Sometimes those conflicts have less to do with studio executives and gilded stars than with the interface between Hollywood and the wider world. While the legend of how “Citizen Kane” came to be has long been subject to debate, Schulman focuses on what happened when William Randolph Hearst got a whiff of the title character’s similarities to himself. His newspapers ignored the film. Behind the scenes, meanwhile, Hearst and his cronies pressured Hollywood and threatened the industry with negative press. MGM’s Louis B. Mayer got together a group of peers to offer RKO $800,000 to buy every print of “Citizen Kane” to set ablaze. While the plan didn’t succeed, the broader message was received, and the 1942 Oscars, Schulman writes, saw a “near total defeat for ‘Citizen Kane.’”
Other Oscar races were competitions between powerful stars and filmmakers. In 1950, two important films, “Sunset Boulevard” and “All About Eve,” put former silent-film star Gloria Swanson and seasoned pro Bette Davis in a refreshing spotlight. For women in Hollywood, Schulman writes, being a star was to have “power in a vise” that lasted only until you aged out of youthful beauty. Nevertheless, the Swanson-Davis showdown proved that “actresses north of forty didn’t have to pass gently into oblivion.” The timing was perfect, as “Hollywood’s first generation of stars had now reached middle age, holed up in mansions like fossils no one had bothered to excavate, their films disintegrating in studio vaults.”
When it turns to the blacklist era, “Oscar Wars” chronicles the impact of the decision by the Academy of Motion Picture Arts and Sciences to make sure anyone suspected of being a communist or dodging federal subpoenas was ineligible for an award. As it goes on, the book takes readers through the strange New Hollywood years when Dennis Hopper was a dealmaker, “Midnight Cowboy” (1969) won praise with an X-rating, and the unlikely team of young Candice Bergen and veteran Gregory Peck worked together to “break down resistance to new ideas” in the academy by bringing in new members.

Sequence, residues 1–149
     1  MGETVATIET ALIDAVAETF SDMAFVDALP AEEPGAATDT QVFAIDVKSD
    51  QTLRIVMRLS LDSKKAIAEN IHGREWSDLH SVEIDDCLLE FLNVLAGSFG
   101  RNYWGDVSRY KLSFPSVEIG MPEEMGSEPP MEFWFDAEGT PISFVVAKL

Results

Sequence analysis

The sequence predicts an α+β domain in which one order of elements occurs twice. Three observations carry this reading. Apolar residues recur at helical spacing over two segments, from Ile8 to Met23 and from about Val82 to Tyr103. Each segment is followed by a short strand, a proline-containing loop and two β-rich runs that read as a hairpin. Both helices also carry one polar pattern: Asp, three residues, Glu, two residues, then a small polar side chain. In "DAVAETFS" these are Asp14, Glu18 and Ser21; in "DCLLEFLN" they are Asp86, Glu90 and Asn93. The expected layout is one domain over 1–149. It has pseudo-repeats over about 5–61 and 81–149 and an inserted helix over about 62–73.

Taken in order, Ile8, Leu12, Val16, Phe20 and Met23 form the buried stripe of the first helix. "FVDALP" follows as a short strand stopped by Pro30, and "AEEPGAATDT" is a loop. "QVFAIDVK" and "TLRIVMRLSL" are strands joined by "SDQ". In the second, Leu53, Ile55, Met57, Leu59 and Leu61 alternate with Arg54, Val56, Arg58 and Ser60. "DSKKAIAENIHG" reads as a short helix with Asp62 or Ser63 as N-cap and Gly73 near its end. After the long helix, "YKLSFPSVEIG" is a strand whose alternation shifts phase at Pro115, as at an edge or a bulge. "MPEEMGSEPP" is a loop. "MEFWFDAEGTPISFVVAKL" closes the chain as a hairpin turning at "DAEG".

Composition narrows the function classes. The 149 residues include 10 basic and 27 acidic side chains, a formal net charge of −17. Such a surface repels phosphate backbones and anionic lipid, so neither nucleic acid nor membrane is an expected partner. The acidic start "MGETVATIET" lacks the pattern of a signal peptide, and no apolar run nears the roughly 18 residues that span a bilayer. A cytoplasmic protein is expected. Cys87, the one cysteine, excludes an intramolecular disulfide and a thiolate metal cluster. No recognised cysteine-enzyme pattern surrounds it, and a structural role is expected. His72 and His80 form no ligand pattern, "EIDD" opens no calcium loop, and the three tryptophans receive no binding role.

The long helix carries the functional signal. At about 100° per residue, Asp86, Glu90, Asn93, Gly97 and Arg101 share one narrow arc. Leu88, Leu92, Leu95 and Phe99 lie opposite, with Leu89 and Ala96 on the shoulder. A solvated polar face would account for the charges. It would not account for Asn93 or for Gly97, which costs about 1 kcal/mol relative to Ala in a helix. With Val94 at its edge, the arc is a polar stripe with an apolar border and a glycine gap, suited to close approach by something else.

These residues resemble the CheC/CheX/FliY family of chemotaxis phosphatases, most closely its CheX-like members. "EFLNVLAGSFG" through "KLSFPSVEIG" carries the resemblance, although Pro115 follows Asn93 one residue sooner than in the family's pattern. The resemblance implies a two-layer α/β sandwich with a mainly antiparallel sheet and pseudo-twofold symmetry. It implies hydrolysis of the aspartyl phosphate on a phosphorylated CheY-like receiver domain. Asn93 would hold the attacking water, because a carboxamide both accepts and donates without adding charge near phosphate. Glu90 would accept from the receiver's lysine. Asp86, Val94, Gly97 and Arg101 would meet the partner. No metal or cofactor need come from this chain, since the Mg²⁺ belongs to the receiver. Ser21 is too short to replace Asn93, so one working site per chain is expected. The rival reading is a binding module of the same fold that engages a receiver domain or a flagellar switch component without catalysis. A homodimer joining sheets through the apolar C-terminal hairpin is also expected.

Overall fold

Schulman also addresses Harvey Weinstein, writing that people liked to characterize him as a “bullying mogul who treated art house cinema like a mob boss” even before he was widely recognized as a “sexual predator covering his tracks.” The executive was notorious for nasty awards-season campaigning, and Schulman rightly observes that Weinstein brought Oscar season in line with presidential election cycles — where the best candidate may be defeated by a better campaign. Not everyone got on board with his tactics, though: When Weinstein waged a warlike offensive pushing “Shakespeare in Love” against Steven Spielberg’s “Saving Private Ryan,” Spielberg refused to “get in the mud with Harvey.”
Schulman reminds us that the academy has often been less progressive than its members would like us to believe, often showing up late for political and cultural change before playing a desperate game of catch-up. These issues were highlighted most prominently, or at least most recently, by the #OscarsSoWhite campaign, but Schulman’s chapter on tokenism reminds us that the struggle is not new. The Academy Museum of Motion Pictures, for example, is still awaiting adequate representation of Hollywood’s Jewish founding fathers. However, amid such stories of ignorance and failure, and of posturing and power, Schulman offers a real history of real people whose actions had consequences, for better and worse.
Chris Yogerst is an author, film historian and professor. His next book, “The Warner Brothers,” will be released in September.
A History of Hollywood in Gold, Sweat, and Tears
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